Today marked the 9th day out of the last twelve where the market sold off in a clear message that world governments need to get their acts together and control their fiscal, spending and regulatory policies. With the Euro currency at historic lows, demonstrations in Greece, an environmental offshore oil catastrophe, German bans on naked short selling, higher than expected weekly job claims, and financial regulatory reform debates going on, we’ve had the perfect storm to extend this market correction. Stock markets don’t like uncertainty and wishy-washy policy making, so they express their dismay by selling off risky assets. As of today, the major indices have given back all their 2010 year-to-date gains and then some. Nonetheless, the long term stock market uptrend remains intact, though as I’ve indicated before (May 6), we’re in for some bumpy times in the market for the summer.
I wish I could say that my crystal ball knew when this short-term pain to the downside would be over. However, all technical indications is that this move downward is a bit overdone, though admittedly the move to the upside was also overdone in the short-term. I believe that we’ll see a short or intermediate-term bounce in the next couple of days as value investors and bargain hunters swarm the markets. We will do the same as the waters calm down.
Indications from Washington are that we may get a vote on the financial reform bill (being debated) tonight and perhaps remove some of the uncertainty in the markets. I’m not sure what the Obama Administration will tackle next (immigration reform, tax reform, ban on sovereign bailouts, take your pick), but you can bet that it will also rattle the markets when it gets underway. The European Union appears to be working on a few measures to further restore confidence to the markets and those measures may come to light over the weekend or early next week. Longer term, we will have to contend with overseas currency and economic weakness, further sovereign debt issues, huge budget deficits, and a stubbornly high unemployment rate. For the time being though, we have an improving fundamental economic picture, ultra low interest rates, excellent corporate earnings, and plenty of unspent stimulus to keep the market uptrend going for awhile.
Because I felt that it was more likely than not that the majority of the short-term move downward was over today, I decided to lift about 50% of the contra-position hedge that I held on client accounts. This will allow portfolios to more fully benefit when the uptrend resumes. Leaving 50% of the position “on” allows me to be at least half-right in case there is more downside to come. This is just prudent hedging. Should the markets show signs of continuing their downward trend, then it’s just as easy to put the position back on and perhaps add to it. As of this moment, I see no negative longer term indicators in the markets that tell me that I should be liquidating equity positions and moving to a higher cash position.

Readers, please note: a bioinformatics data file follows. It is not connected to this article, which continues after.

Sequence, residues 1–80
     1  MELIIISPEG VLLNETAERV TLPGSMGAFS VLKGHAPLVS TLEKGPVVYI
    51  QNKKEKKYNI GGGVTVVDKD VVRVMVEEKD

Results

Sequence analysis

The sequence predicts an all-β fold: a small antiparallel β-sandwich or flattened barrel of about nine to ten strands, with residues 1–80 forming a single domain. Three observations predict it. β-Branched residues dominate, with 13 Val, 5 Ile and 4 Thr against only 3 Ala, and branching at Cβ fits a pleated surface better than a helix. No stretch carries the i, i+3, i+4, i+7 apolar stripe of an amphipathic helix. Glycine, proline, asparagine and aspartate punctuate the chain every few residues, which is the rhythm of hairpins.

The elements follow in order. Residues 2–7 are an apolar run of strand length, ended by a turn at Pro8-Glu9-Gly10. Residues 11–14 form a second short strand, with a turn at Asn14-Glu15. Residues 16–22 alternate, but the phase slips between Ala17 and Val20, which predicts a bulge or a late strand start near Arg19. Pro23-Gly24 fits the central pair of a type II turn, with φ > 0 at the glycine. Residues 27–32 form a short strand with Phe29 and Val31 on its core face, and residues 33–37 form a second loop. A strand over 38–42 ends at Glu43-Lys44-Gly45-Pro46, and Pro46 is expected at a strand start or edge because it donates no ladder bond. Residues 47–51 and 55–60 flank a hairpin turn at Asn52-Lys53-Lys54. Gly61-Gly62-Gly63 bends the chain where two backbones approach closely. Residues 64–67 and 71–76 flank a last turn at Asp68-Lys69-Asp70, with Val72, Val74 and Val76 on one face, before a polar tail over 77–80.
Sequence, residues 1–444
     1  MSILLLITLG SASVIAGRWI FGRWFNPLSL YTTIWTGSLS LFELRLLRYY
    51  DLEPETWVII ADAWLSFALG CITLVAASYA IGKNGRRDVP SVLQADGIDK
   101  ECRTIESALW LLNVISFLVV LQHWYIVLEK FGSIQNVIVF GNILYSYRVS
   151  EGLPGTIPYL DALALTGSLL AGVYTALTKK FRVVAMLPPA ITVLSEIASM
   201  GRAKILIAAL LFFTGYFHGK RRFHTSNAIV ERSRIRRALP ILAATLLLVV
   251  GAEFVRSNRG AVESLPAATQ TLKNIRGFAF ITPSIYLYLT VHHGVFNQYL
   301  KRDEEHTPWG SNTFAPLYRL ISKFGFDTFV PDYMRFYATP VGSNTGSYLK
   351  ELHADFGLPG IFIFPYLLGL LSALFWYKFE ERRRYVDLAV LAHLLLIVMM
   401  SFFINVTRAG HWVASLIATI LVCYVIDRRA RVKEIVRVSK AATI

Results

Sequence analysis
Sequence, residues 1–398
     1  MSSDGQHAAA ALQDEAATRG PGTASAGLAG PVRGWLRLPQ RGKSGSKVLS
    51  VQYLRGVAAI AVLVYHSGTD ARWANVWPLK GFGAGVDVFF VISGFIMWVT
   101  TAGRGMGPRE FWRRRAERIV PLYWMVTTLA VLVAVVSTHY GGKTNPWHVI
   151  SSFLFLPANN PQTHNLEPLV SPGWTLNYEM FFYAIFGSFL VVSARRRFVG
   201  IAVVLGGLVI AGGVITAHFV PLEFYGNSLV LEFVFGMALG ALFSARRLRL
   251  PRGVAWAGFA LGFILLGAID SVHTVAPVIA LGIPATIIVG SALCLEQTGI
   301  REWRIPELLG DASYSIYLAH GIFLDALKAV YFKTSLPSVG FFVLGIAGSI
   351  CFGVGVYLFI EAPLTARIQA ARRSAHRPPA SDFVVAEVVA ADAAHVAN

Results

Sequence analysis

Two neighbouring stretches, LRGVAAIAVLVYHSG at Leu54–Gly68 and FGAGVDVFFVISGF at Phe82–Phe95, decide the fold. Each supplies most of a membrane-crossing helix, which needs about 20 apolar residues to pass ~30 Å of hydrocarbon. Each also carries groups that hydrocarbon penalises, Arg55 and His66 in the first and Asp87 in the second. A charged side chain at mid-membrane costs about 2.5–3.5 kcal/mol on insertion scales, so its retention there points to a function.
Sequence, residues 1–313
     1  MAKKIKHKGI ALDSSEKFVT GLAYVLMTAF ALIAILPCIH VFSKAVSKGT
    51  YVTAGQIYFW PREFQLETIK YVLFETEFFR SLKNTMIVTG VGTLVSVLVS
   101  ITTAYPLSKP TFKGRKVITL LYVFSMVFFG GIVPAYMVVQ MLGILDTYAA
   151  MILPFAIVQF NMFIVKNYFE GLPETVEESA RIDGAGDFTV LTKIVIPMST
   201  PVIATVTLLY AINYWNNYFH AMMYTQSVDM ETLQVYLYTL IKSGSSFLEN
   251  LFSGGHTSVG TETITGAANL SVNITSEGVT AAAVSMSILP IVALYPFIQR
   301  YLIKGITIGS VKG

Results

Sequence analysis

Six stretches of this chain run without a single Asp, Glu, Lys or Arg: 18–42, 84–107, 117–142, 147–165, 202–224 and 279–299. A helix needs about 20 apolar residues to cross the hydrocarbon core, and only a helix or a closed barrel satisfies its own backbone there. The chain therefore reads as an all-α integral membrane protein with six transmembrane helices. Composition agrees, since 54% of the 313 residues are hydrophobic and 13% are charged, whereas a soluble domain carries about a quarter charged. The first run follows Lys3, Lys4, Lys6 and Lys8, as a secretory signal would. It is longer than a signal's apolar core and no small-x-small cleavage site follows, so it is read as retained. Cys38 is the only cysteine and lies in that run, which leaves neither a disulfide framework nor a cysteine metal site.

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Sam H. Fawaz CFP®, CPA is president of YDream Financial Services, Inc., a registered investment advisor. Sam is a Certified Financial Planner ( CFP ), Certified Public Accountant and registered member of the National Association of Personal Financial Advisors (NAPFA) fee-only financial planner group. Sam has expertise in many areas of personal finance and wealth management and has always been fascinated with the role of money in society. Helping others prosper and succeed has been Sam’s mission since he decided to dedicate his life to financial planning. He specializes in entrepreneurs, professionals, company executives and their families.
All material presented herein is believed to be reliable, but we cannot attest to its accuracy. Investment recommendations may change and readers are urged to check with their investment advisors before making any investment decisions. Opinions expressed in this writing by Sam H. Fawaz are his own, may change without prior notice and should not be relied upon as a basis for making investment or planning decisions. No person can accurately forecast or call a market top or bottom, so forward looking statements should be discounted and not relied upon as a basis for investing or trading decisions. This message was authored by Sam H. Fawaz CPA, CFP and is provided by YDream Financial Services, Inc.
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July 27, 2013 at 8:06 AM
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